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An Oral Fiesta, It's That Good


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For the last few years, I have wanted to try this dish but all I heard around Chapala was that it was seasonal and now isn't that season. I discovered there is one Lakeside restaurant that serves it daily, the famous Viva Mexico in SJC. I had an exceptional experience and my friend says it was the best meal he had eaten in his six months in Mexico. I was totally sated and recommend anyone not experiencing this incredible fiesta of flavors give it a try.



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7 minutes ago, ComputerGuy said:

What I know of the "seasonal" aspect are the chiles themselves. They can be very mild, and they can be eye-wateringly hot, depending on the crop, I guess.

The linked from Wikipedia says:

The traditional season for making and eating this dish is August and first half of September, when pomegranates appear in the markets of Central Mexico and the national independence festivities begin. In some areas, the dish is created depending on when the pomegranates are ripe—usually between early October and January.

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Yes, and now that we can get pom seeds any old time, there are a few restaurants lakeside that serve them more frequently, like in SJC rightnow. So the "season" to which I refer is for the chiles, not the poms. I did not mean to imply they are made during chile 'season', whatever that might be. I was pointing out that sometimes one gets a heat surprise, depending on the ripening of the chile.

I love the look of them, and the national consciousness, but I am not crazy about them myself.

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28 minutes ago, ComputerGuy said:

I was pointing out that sometimes one gets a heat surprise

from an inexperienced or lazy cooks. Experienced cooks should know how to test the heat of those peppers. One way is to scrape the inside of pepper. Some cooks can tell by smell. Most need to taste.

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That is a good point, but... local food places are not so inclined. They use kilos of peppers of all kinds every day, and cook the food locals love. And in Mexico, no one cares about the heat except expats, pretty much. So maybe NOB this would be a thing; here, not so much. And poblanos, used for this dish, are relatively mild, certainly to Mexicans.

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21 minutes ago, ComputerGuy said:

And in Mexico, no one cares about the heat except expats, pretty much. So maybe NOB this would be a thing; here, not so much.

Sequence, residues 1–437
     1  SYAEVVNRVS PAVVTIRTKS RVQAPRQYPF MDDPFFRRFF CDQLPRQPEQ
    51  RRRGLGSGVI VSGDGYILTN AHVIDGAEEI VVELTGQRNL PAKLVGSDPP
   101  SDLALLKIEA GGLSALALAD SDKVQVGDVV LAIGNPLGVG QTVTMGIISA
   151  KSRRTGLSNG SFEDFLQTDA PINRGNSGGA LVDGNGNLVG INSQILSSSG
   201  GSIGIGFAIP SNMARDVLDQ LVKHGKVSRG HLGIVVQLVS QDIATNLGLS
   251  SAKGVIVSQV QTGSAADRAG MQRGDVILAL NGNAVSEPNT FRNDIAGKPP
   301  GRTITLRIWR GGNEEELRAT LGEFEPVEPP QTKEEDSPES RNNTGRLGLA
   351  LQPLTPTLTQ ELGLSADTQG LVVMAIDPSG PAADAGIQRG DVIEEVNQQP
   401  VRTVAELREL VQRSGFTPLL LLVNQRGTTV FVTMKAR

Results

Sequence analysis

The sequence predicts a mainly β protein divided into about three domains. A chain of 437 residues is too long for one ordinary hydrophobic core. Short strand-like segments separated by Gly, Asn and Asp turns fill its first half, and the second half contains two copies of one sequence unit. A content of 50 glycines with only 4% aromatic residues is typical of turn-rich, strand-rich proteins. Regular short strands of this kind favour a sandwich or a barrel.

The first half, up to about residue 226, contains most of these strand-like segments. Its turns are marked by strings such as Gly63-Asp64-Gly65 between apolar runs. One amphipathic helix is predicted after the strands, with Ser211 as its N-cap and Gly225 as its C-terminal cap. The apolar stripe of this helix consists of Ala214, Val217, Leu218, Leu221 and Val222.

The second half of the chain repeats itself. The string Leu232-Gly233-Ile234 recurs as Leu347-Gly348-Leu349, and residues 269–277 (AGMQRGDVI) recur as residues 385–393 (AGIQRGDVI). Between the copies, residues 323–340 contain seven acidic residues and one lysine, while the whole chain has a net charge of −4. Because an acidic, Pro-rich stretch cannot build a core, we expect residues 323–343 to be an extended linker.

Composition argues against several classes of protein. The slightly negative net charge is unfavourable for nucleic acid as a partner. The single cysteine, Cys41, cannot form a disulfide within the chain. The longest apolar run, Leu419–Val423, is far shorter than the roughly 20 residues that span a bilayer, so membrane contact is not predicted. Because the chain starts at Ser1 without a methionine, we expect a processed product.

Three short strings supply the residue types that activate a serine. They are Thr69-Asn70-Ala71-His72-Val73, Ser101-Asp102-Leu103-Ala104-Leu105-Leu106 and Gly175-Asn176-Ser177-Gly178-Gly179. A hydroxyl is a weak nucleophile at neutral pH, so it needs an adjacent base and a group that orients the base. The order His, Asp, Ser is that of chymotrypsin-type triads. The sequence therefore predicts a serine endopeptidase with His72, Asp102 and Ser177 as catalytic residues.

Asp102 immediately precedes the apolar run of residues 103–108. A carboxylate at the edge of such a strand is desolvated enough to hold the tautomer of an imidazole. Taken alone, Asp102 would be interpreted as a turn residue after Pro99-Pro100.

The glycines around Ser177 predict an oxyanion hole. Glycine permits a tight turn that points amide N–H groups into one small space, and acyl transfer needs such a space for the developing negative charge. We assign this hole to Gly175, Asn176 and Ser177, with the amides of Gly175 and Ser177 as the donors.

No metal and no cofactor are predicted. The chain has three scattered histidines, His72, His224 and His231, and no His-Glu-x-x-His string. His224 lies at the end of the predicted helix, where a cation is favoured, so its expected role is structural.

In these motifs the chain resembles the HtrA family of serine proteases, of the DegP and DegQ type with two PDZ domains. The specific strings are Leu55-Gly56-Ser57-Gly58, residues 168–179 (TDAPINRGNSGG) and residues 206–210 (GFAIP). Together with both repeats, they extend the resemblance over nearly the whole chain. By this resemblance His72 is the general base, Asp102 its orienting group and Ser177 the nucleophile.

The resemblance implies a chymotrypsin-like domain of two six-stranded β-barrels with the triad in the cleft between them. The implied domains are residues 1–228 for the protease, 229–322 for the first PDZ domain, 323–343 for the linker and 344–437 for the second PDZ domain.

Is that right?  The tip I just stated was here from my Mexican mother-in-law 20 years ago because a lot do not like that much heat.

NOB they go heat crazy.

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12 hours ago, camillenparadise said:

Maybe because they already knows Augustin's are the best anywhere?

The seasonal and traditional ingredients of chiles en nogada include freshly harvested Mexican nuez de castilla (walnuts), a pear known as pera lechera, small in-season fresh peaches, an apple known as manzana panochera, and fresh Mexican pomegranates.  Other obligatory ingredients are Mexican piñones rosas (pink pine nuts) and candied biznaga cactus (aka acitrón).  As originally made in Puebla, chiles en nogada are capeados--covered with whipped egg similar to the covering for standard chiles rellenos.  Today, many people--myself included--prefer them without the egg covering.

The heat quotient of the chile poblano depends more on the origin of the seed than any other factor.  Presently, a lot of seeds for chiles poblano are being imported from China; you can tell by looking which are the chiles grown from Chinese seeds, and when you use them they are general milder than those grown from Mexican seed.  Nonetheless, even chiles poblano grown from Mexican seeds can vary in their heat quotient.  And finally, a ripe chile poblano is red, not green, and is usually dried to become the chile ancho.  There's a photo of ripe ones in the article.

I tasted Agustín's chiles en nogada during the first week of July 2018.  I've eaten them in many other places in Mexico, including Puebla, Oaxaca, and Mexico City.  Many of the above ingredients were not included in Agustín's version.  The dish was good, but IMHO not "the best anywhere".  The chiles en nogada that I prefer are the ones I ate in Oaxaca in August.  Second are the ones I have frequently eaten at Restaurante Azul Histórico in Mexico City.  

The deal is that you ask 10 people which are the best and you will get at least 9 different answers.  

In the article you will see a traditional recipe for this dish as well as photos of the two chiles en nogada that I like best.  YMMV.


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